Royal Dutch Shell Plc  .com Rotating Header Image

Financial Times: Old Mutual looks towards the future

EXTRACT: BP, up 1.2 per cent to 554½p, drew support from a research note published by ABN Amro that claimed a merger with rival Royal Dutch Shell, 1 per cent stronger at £16.91, could generate synergies of $10.3bn (£5.2bn) a year before tax.

By Neil Hume and Robert Orr
Published: April 7 2007 03:00 | Last updated: April 7 2007 03:00

Old Mutual was among the biggest risers as the FTSE 100 closed at its highest level in almost six weeks.

Shares in the UK and South African insurer rose 2.4 per cent to 170.5p on Thursday after Citigroup upgraded to “buy”, citing valuation.

Old Mutual has performed poorly in the year to date, falling 2 per cent and underperforming the wider market. The company warned in February that exchange rates and continued investment in its businesses in Europe and South Africa would limit earnings growth this year.

However, Citigroup told clients that all the bad news was now in the price and that at current levels, the risk/reward profile was starting to look attractive.

Old Mutual was not the only South African-focused stock in demand on Thursday. Platinum miner Lonmin advanced 3.2 per cent to a record high of £34.76, with traders attributing the rise to an institution switching out of another FTSE 100 mining company into Lonmin.

In the wider market, the FTSE 100 closed 32.6 points, or 0.5 per cent, at 6,397.3 on relief that the Bank of England had decided to keep interest rates on hold, for now. The blue-chip index was also boosted by strength in the heavyweight oil sector and a strong performance from HSBC.

Shares in the UK’s biggest bank rose 1.3 per cent to 904p on news chief executive Michael Geoghegan had bought almost $8m (£4m) worth of stock.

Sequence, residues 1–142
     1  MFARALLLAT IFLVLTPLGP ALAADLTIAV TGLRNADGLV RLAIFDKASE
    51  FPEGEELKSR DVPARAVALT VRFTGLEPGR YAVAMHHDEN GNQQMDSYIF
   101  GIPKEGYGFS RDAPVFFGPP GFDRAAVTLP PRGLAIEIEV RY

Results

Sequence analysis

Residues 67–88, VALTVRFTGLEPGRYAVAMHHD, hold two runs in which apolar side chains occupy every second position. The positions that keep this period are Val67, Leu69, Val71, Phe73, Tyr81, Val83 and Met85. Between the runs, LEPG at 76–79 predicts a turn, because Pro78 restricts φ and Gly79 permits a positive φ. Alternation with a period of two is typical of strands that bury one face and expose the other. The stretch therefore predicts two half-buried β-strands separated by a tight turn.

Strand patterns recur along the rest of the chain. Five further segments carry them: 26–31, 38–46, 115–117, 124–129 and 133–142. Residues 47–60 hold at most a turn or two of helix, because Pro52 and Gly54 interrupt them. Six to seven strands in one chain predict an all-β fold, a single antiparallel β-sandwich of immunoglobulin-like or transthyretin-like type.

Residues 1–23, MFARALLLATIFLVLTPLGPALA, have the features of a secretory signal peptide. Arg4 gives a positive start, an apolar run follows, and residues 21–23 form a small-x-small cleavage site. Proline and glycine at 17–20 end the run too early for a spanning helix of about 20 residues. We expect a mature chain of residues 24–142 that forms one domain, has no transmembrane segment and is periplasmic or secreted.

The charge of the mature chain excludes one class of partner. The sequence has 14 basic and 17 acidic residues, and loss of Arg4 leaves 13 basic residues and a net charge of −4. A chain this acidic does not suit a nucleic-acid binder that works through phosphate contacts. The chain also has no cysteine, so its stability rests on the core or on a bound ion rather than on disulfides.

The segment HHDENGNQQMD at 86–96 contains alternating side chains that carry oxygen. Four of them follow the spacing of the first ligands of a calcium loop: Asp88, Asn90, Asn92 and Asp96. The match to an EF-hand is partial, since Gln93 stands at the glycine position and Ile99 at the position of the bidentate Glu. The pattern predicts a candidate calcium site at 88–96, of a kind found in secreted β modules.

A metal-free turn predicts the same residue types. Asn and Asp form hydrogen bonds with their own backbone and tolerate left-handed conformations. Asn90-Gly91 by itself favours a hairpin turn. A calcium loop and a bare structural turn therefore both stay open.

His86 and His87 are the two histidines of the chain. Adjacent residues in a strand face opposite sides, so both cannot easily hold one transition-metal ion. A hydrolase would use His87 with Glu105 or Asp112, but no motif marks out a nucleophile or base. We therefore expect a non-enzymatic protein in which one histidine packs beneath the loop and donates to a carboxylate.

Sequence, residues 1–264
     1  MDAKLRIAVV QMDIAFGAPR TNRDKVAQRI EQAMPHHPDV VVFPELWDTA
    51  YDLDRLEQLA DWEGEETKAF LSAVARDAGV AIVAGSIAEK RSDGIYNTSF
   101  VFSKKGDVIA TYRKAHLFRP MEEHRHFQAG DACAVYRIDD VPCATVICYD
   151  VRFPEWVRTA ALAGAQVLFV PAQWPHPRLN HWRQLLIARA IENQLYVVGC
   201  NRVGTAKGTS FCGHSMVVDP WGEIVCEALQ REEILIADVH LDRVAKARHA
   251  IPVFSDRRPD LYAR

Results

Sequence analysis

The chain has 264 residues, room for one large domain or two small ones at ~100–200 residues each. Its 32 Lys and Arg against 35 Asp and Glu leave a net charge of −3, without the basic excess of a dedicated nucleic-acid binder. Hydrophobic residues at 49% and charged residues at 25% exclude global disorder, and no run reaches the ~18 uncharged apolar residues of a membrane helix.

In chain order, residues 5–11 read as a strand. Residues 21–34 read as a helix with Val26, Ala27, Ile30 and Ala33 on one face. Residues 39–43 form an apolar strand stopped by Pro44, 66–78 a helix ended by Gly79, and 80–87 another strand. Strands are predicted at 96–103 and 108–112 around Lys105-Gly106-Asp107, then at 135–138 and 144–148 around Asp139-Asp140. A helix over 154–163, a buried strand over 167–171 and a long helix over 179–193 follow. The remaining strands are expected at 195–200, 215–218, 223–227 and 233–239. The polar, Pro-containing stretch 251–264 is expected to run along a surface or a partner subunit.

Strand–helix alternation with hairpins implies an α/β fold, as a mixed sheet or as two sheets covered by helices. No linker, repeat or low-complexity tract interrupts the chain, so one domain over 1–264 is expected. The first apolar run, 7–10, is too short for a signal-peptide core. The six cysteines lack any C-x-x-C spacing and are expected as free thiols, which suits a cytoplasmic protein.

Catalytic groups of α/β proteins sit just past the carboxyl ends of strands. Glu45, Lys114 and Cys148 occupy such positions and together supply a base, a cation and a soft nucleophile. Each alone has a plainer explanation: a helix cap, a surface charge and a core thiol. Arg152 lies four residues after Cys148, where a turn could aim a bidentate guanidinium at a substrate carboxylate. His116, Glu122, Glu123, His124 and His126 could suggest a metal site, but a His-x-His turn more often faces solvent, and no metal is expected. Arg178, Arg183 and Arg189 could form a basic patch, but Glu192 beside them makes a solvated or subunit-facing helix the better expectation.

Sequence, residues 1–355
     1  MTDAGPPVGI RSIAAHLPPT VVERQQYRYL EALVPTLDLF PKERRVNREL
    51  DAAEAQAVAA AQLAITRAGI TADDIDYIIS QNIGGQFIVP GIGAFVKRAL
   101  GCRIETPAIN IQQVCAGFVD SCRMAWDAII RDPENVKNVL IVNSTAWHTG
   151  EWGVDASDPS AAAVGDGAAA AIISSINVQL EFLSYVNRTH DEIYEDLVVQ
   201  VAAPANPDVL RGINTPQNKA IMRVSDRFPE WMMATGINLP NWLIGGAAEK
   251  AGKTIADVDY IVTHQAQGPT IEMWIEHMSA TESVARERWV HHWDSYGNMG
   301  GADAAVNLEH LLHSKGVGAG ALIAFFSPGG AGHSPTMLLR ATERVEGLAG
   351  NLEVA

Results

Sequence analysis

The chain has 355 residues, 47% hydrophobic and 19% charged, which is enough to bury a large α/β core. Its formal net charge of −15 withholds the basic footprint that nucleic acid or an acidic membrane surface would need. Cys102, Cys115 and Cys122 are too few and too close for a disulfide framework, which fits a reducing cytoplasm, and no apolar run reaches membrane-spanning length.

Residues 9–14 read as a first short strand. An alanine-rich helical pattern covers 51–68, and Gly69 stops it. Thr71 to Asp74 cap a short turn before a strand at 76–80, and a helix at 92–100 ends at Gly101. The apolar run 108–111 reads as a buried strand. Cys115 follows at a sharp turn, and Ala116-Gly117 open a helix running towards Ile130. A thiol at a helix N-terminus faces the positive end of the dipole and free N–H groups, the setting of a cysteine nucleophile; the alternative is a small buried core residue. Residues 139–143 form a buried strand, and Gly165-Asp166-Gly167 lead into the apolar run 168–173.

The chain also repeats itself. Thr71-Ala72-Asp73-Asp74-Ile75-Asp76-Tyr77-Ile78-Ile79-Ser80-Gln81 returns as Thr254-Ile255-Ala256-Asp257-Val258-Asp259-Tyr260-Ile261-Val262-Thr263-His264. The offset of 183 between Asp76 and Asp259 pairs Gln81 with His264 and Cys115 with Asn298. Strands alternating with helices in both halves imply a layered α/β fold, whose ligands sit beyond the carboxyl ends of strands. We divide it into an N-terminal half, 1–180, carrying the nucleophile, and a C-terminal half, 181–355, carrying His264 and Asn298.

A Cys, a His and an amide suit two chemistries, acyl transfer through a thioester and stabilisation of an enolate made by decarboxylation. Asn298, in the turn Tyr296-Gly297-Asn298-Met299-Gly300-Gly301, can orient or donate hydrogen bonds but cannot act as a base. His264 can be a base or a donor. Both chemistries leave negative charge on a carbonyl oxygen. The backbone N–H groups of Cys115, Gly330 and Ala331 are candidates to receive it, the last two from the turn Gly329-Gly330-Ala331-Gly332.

The FTSE 250 rose 26.7 points, or 0.2 per cent, to a record high of 11,915.9. Over the week, the FTSE 100 rose 1.4 per cent and FTSE 250 1.9 per cent.

BP, up 1.2 per cent to 554½p, drew support from a research note published by ABN Amro that claimed a merger with rival Royal Dutch Shell, 1 per cent stronger at £16.91, could generate synergies of $10.3bn (£5.2bn) a year before tax.

Intercontinental Hotels Group provided the session’s speculative feature, rising 0.5 per cent to £12.84 amid further talk of predatory interest from the Barclays Brothers, who have amassed a 7 per cent holding in the hotel operator.

There was also talk that financier Guy Hands was running the rule over the company.

Separately, JPMorgan raised its target price on Intercontinental to £14.20. The broker believes the 25 trophy hotels Intercontinental has put up for sale are worth £1.8bn – or 40 per cent of its current market value.

Among the mid-caps, Taylor Woodrow rose 3.2 per cent to 518p as rumours of a counterbid from FTSE 100 rival Persimmon, up 1.2 per cent to £14.65, refused to die down.

That theory was thrown into doubt after Persimmon’s chairman, chief executive and finance director declared the sale of 190,000 shares, however, traders were quick to point out that the stock had been sold to settle tax liabilities.

Ladbrokes added 2.9 per cent to 418p as the CVC Capital buy-out rumour was dusted down and given a fresh airing.

Buy-out rumours were also swirling around Davis Services Group, 2 per cent stronger at 609p.

Elsewhere, the recent strong run of Southern Cross Healthcare continued. Its shares, 310p at the start of the year, advanced a further 3.7 per cent to 498p after Morgan Stanley increased its target price to a punchy 570p.

“The UK care home market remains enormously fragmented and over the last month the company has more than proven its ability to acquire medium-sized operators,” the broker said.

Lower down the market, Secure Design, the Japanese biometric finger-printing specialist, rose 7.7 per cent to 48½p after Fuji revealed it had acquired a 15.85 per cent stake.

Aricom, the mining company spun out of Peter Hambro Mining, advanced 25 per cent to 81½p on news that its main iron ore project in Siberia had been independently valued at $1.67bn.

Aricom, which has a current market capitalisation of more than £250m, also confirmed that it would exercise an option to buy the 50 per cent of the project it does not currently own.

Copyright The Financial Times Limited 2007 and its sister websites,,,,, and are all owned by John Donovan. There is also a Wikipedia article.

0 Comments on “Financial Times: Old Mutual looks towards the future”

Leave a Comment

%d bloggers like this: